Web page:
How You Can Manage the Risks of a System Implementation
Managing a system implementation is not an easy task. And if done incorrectly, can cause significant headaches for your business and your customers. There are ways, however, to identify the risks of a system implementation and manage those risks more effectively.
It's fair to say that an organization’s strategic goals drive the systems it implements. However, if those goals and the implementation are not aligned, your organization risks realizing only part of the implementation's expected value, or worse – realizing no value at all. Having other risk factors such as errors in converting or migrating data come to fruition only add to what may already seem like a monumental undertaking.
Managing System Implementation Risks: Intel Shares Its Lessons Learned
To better manage the risks of a system implementation, an organization must establish a strong alignment between its strategic goals and IT-related projects. In evaluating new projects, it must consider the business case for each project and prioritize projects according to its strategic goals.
The organization must also analyze and document the business requirements for all approved projects. Subsequent evaluation of the value of each project based on a variety of criteria including the extent of financial and operational data to be obtained as well as the desired quality and integrity of data provided by the system are key to a successful implementation
How does this work in real life? Intel Corporation published a white paper detailing how it managed a recent system implementation and shared some of the lessons learned along the way, specifically the importance of:
- Defining the integration points to the governance processes. Successfully moving a strategic plan from concept to reality depends on clear, well-defined integration points with the budgeting, governance and decision-making processes within IT. Decision-makers must understand the strategic directions and make decisions consistent with their intent. If localized, sub-optimal decisions will be made and the plan will not succeed.
- Defining and managing planning data. A wealth of data flows throughout the strategic planning process. To lend focus to the process and avoid wasted efforts, deliverables for each step of the process must be clearly defined from the start. This helps ensure that the correct data is developed for effective decision making and also builds support for the process by informing stakeholders of the expected output of each step.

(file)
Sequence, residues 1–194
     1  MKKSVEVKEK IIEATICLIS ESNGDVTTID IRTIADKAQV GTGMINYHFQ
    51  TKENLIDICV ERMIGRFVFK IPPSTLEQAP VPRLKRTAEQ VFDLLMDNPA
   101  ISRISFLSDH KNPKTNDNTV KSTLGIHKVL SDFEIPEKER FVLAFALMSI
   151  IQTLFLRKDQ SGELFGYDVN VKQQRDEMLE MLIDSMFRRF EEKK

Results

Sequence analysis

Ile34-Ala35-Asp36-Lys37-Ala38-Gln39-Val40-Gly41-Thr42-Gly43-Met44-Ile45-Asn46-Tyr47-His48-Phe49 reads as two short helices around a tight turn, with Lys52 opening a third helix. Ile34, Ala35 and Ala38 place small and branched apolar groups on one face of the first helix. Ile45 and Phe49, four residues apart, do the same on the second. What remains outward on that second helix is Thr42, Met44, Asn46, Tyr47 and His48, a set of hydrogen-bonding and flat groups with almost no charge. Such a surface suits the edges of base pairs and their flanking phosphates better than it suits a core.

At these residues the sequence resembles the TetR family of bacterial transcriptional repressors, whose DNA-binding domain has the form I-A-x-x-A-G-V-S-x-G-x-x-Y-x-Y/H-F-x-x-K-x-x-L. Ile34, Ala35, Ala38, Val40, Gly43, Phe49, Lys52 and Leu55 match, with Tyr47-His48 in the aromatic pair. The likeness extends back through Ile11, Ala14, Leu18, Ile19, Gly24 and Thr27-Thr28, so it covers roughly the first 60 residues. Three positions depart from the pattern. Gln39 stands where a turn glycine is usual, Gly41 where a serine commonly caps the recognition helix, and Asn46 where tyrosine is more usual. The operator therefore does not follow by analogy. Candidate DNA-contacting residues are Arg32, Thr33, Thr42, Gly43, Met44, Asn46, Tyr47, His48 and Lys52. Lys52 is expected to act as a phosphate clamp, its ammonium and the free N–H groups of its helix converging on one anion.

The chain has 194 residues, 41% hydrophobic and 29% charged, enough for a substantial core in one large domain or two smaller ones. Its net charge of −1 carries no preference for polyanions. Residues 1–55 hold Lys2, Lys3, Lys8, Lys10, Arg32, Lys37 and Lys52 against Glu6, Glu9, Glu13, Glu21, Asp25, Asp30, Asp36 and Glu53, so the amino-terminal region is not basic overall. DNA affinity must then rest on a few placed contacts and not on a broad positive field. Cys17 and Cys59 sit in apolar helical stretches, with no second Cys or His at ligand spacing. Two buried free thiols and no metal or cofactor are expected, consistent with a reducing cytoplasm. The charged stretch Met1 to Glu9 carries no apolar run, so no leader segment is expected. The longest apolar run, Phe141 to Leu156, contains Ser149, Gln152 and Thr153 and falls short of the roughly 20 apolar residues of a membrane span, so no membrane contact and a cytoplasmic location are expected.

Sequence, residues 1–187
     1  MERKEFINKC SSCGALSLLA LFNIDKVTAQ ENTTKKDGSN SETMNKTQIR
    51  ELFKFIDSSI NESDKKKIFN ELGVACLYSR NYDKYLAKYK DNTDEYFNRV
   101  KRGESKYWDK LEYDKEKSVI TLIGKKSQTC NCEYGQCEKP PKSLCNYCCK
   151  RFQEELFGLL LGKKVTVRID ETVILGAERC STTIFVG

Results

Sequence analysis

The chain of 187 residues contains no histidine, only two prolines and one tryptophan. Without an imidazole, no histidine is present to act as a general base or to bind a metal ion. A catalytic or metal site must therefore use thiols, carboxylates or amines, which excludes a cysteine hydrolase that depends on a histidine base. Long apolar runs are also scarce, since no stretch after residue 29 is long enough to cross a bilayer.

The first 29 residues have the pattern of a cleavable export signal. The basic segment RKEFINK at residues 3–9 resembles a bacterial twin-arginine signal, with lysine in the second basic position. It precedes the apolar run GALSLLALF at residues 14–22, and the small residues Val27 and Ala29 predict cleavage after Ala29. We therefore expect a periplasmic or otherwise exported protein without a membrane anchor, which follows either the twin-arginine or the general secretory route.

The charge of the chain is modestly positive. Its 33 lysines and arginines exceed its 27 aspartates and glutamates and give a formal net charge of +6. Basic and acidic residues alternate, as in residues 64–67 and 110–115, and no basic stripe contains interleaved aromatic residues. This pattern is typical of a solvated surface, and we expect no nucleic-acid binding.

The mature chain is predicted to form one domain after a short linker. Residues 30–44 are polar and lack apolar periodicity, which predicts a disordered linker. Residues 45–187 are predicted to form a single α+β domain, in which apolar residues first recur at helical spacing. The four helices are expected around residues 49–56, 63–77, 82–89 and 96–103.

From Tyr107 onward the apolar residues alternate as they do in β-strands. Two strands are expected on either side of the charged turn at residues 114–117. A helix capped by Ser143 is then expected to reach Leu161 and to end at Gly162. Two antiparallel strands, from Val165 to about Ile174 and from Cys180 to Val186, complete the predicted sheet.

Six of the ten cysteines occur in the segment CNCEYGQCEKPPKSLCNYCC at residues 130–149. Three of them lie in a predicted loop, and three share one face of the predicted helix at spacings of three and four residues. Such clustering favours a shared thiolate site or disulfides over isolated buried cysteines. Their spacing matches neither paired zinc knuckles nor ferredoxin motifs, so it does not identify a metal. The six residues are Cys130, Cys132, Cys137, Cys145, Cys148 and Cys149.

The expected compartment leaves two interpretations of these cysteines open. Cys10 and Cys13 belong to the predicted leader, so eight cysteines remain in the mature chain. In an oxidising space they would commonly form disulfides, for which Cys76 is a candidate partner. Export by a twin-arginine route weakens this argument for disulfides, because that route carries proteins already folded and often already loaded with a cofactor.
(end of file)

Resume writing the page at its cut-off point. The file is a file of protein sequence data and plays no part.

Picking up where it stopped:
- Defining and publicizing the planning calendar. When multiple levels of planning occur simultaneously, publicizing a planning calendar lets everyone know what's happening – and when – so that you're all on the same page.
- Realizing that timing is essential. Each step in the planning process must support the next stage. Direct influence is lost if there are timing missteps along the way.
- Clearly defining roles and responsibilities. For Intel, these included core team members such as business process managers who define, communicate, facilitate and improve the process through each cycle. Subject matter experts developed the data, analysis and ideas that were used throughout the process. The company found it best to have a broad, virtual team from across the organization participating in this process to make sure the output was challenged and supported from a number of different perspectives. Decision makers reviewed, discussed and debated the strategic planning data and set the direction for the organization. Clearly defining the decision makers early on will help avoid organizational conflict later.
- Communicating data and messages well. Effectively communicating the strategic planning messages and associated data to middle and first line managers helps them educate their personnel. Well informed employees are most likely to commit to and support the plan.
Every organization struggles with managing system implementations. And every organization has its own individualized strategic goals, thus your management strategy will likely differ from that of a similar organization. Regardless of strategic goals, industry or organization, the AICPA is here to help you better manage your top technology issues. Find additional resources with the U.S. Top Technology Initiatives Survey Toolkit including public accounting, and business and industry white papers, analytical briefs that fit the organizational needs of IMTA Division members and the educational commitments of CITP credential holders.
Jocelyn M. Woodard, Manager IMTA, American Institute of CPAs. Jocelyn is a technology risk and assurance manager assisting AICPA committee and task force members with the planning and implementation of initiatives that will better aid CPAs in understanding and utilizing information management and technology assurance tools and concepts.
System implementation image via Shutterstock